26 April 2018

The 12-month map (below) indicates deficits in Myanmar, Thailand, Cambodia, Peninsular Malaysia, and Papua New Guinea. Deficits are forecast to be severe to exceptional in northwestern Thailand, along its border with Myanmar, Peninsular Malaysia, and along the Gulf of Papua.

Water surpluses are forecast in central Philippines, northeastern Borneo and south Kalimantan Borneo, eastern Java, Bali, Sumba, and Flores.

The 3-month maps (below) show the evolving conditions in more detail.

The near-term forecast through June indicates a transition away from surplus to deficit. Deficits are forecast for Southeast Asia, Peninsular Malaysia, northern Sumatra, Luzon and Mindanao in the Philippines, western Sarawak in Malaysian Borneo, and parts of Sulawesi Indonesia and Papua New Guinea. The most intense deficits are expected in Peninsular Malaysia, ranging from severe to exceptional and reaching across the Malacca Strait to northern Sumatra. Severe deficits are forecast for much of Thailand, and primarily moderate deficits in Myanmar and central and northern Laos. The extent of exceptional deficit in Cambodia will shrink, persisting in a pocket northeast of Tonlé Sap, surrounded by moderate deficits in the remainder of the country. Severe deficits are forecast for Vietnam’s Mekong Delta region. Moderate to extreme surpluses are forecast for central Philippines, and small pockets of surplus are forecast throughout Indonesia.

From July through September water anomalies in the region will diminish leaving nearly normal conditions in Vietnam, Laos, and much of Indonesia. However, moderate to extreme deficits are forecast to persist in Peninsular Malaysia; and primarily moderate deficits are forecast in Thailand, Cambodia, northeastern Borneo, and eastern Mindanao. Some moderate surpluses will continue to emerge in central Philippines.

The forecast for the final months – October through December – indicates moderate deficit in Southeast Asia, the Philippines, and the island of New Guinea.

(It should be noted that forecast skill declines with longer lead times.)

Heavy rains over the past two months have caused flooding and landslides across four Indonesian provinces. Java was hard hit in late February: 15 deaths were reported, 50,000 people were affected, and 10,000 homes damaged. Precipitation continued throughout March, bringing flooding and landslides to North Sumatra, West Sulawesi, and East Kalimantan, and continued in April, striking Java again. Landslides have caused 53 fatalities in Indonesia so far this year, more than from any other type of disaster.

The UNPD is teaming up with the government of Vietnam to provide up to 4,000 storm-proof homes to families living in Vietnam’s vulnerable coastal areas. The intent is to provide better protection against extreme weather, such as typhoons, but also to provide a means of protecting the assets of low-income families who deplete reserves when trying to recover from repeated storms. More than 15 typhoons hit Vietnam in 2017.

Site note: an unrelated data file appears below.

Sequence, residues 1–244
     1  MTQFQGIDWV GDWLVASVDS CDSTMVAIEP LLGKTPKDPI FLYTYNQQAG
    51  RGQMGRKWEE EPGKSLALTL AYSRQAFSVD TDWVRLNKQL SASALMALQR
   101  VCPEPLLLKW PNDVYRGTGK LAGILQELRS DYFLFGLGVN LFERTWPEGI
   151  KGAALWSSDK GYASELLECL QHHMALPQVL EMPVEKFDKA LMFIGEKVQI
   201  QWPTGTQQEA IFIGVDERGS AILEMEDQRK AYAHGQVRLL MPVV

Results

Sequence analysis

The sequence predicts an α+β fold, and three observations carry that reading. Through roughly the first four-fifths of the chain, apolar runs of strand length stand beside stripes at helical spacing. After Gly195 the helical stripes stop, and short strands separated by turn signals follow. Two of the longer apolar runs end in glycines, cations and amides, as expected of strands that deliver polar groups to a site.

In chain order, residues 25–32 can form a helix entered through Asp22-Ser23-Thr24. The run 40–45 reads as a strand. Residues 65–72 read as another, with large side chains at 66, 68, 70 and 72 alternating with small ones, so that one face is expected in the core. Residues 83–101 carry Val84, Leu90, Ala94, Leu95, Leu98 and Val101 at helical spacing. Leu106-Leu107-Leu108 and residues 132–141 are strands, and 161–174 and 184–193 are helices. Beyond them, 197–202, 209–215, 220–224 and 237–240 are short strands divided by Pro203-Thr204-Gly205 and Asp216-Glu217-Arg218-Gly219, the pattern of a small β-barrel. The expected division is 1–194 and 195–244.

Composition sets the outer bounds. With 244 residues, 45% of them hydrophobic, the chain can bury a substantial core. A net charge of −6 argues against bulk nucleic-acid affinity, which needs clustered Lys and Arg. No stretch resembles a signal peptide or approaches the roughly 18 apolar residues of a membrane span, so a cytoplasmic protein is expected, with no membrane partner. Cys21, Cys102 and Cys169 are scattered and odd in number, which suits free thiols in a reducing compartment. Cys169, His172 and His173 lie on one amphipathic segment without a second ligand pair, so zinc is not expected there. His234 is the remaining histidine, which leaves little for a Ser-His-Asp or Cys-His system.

Drought along the south-central coast of Vietnam is impacting local residents and livestock. Eleven of 21 reservoirs have dried up in Ninh Thuan Province and farmers are being encouraged to halt agricultural activity to conserve resources.

Saltwater intrusion has become an ongoing concern in the Mekong Delta where hydroelectric projects upstream coupled with repeated droughts have reduced the river's flow. In 2016, drought and saltwater intrusion caused agricultural losses of VND15 trillion (US$669 million) in Vietnam.

Thailand is currently in a better position this year to deal with the approaching dry season than it was last year. The country's reservoirs are at 67 percent of capacity, 14 percent above their level at this time last year.

An uptick in extreme weather in the Philippines has pushed more women to migrate seeking better economic fortunes. More than 10 million Filipinos work abroad, 55 percent of whom are women, a change reflected in the last few years.

There are numerous regions around the world where country borders are contested. ISciences depicts country boundaries on these maps solely to provide some geographic context. The boundaries are nominal, not legal, descriptions of each entity. The use of these boundaries does not imply any judgement on the legal status of any territory, or any endorsement or acceptance of disputed boundaries on the part of ISciences or our data providers.

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Many analyses reported in ISciences-authored blog posts are based on data generated by the ISciences Water Security Indicator Model (WSIM). Other sources, if used, are referenced in footnotes accompanying individual posts. WSIM is a validated capability that produces monthly reports on current and forecast global freshwater surpluses and deficits with lead times of 1-9 months at 0.5°x0.5° resolution. This capability has been in continuous operation since April 2011 and has proven to provide reliable forecasts of emerging water security concerns in that time-frame. WSIM has the ability to assess the impacts of water anomalies on people, agriculture, and electricity generation. Detailed data, customized visualizations, and reports are available for purchase.

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